By Jason Wyatt, Co-Founder & Managing Director – Marketplacer
There’s a common misconception many people have about tech-based companies, which is that it’s all about the tech.
It’s an understandable enough assumption to make, for example, that Marketplacer is a company that creates a technology and business platform for marketplaces. (And we’re very good at that.)
But that’s sort of the surface view of what we do. In our case, what the software we create is really about is bringing people together – it’s about tribes.
There’s a fantastic TED Talk by Seth Godin about tribes and how all it takes to bring people together to form a tribe is a leader: “What tribes are is a very simple concept that goes back 50,000 years – it’s about leading and connecting people and ideas.
The tribes that wandered the Earth 50,000 years ago were no doubt pretty different to the tribes we see today, but there’s an underlying truth that remains: tribes are communities of shared interest. The shared interest back then probably had more to do with hunting down the next meal, whereas these days we have tribes that share interest and kinship around all sorts of things. So something like Marketplacer is a very new technology drawing on a very old and very human idea – tribes.
One of the incredible things about the evolution of the internet and online activity has been the way people have been able to find and create their own tribes. The ability to connect with people in your neighbourhood and across the globe instantaneously, to exchange information, to share ideas, has meant what once were niche interests now have the infrastructure (internet, ecommerce, social media, etc) to scale and become massive worldwide cultural movements and markets.
In the course of my regular work day I will usually check in on one or more of our marketplaces, and it never ceases to amaze me how devoted people are to their tribe. The cyclists on Bike Exchange, the mums and dads on tinitrader, the campers on Outdoria, the homemakers on House of Home are all totally into their thing, with the one common factor being their passion. As Seth Godin said, the longing to be part of a community is an important part of our makeup.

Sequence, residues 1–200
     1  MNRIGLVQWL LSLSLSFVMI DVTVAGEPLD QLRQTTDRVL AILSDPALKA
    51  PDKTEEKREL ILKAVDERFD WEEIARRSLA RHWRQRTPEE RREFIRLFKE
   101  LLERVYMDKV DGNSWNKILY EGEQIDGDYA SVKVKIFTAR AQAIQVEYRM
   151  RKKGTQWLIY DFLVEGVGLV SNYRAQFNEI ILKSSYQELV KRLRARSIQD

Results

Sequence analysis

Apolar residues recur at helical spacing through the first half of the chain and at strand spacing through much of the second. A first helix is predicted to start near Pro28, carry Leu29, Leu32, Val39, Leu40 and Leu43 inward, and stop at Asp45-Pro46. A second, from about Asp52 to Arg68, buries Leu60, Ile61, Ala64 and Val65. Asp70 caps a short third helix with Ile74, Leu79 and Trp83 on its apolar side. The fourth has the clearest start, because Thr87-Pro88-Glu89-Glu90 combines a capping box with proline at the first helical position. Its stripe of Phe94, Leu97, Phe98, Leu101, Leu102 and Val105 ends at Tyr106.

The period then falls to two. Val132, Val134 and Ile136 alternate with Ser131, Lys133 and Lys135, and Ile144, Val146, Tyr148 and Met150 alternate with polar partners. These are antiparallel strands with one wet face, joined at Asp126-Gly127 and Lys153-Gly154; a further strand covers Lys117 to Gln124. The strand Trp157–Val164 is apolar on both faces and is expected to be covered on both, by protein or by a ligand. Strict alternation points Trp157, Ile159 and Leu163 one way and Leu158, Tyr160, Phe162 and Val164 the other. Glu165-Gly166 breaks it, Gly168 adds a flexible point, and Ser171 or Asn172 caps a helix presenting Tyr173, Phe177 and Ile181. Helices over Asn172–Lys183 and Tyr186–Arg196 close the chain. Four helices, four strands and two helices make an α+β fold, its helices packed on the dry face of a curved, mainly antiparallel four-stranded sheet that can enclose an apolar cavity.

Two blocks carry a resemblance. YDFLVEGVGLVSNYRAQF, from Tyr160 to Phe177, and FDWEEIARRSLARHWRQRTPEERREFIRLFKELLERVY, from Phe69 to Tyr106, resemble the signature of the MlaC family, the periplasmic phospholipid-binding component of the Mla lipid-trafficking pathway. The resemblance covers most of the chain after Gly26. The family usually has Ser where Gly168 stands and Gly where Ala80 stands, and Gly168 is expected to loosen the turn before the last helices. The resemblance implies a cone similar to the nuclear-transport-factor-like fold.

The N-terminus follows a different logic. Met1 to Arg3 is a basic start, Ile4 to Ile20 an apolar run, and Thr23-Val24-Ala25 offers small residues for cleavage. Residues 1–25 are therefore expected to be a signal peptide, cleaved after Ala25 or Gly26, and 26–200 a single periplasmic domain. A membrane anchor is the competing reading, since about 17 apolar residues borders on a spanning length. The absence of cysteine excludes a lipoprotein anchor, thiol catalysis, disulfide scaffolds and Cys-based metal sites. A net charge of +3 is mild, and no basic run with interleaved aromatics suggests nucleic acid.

Of course we’re not members of just the one tribe. A middle-aged male in lycra (MAMIL) might also be a doting dad, who possibly enjoys heading out bush for a camping trip with his mountain bike in tow. That’s three tribes right there: cycling, parenting and camping. He might just also happen to be a teacher, in which case he keeps up with that tribe too, possibly through professional forums or on LinkedIn.
Tribes can be fluid, we move in and out of some, while others are more permanent. Being a parent and being involved in all that goes on in your child’s life can be an all-consuming thing, especially up until your child is independent enough to stand on their own two feet. Being an obsessive fan of a particular band might just be something that lasts intensely for a few years before the fire dies out, you’re part of that tribe but move on maybe when you’re a littler older. You find a new tribe.
In terms of the evolution of the internet, and how it relates to online retail, it’s no longer about being everything to everybody. You have to find your tribe, build it and lead it. People want to connect and be recognised. The concept is not new – it’s just that we have the technology now to make it happen in new and wonderful ways.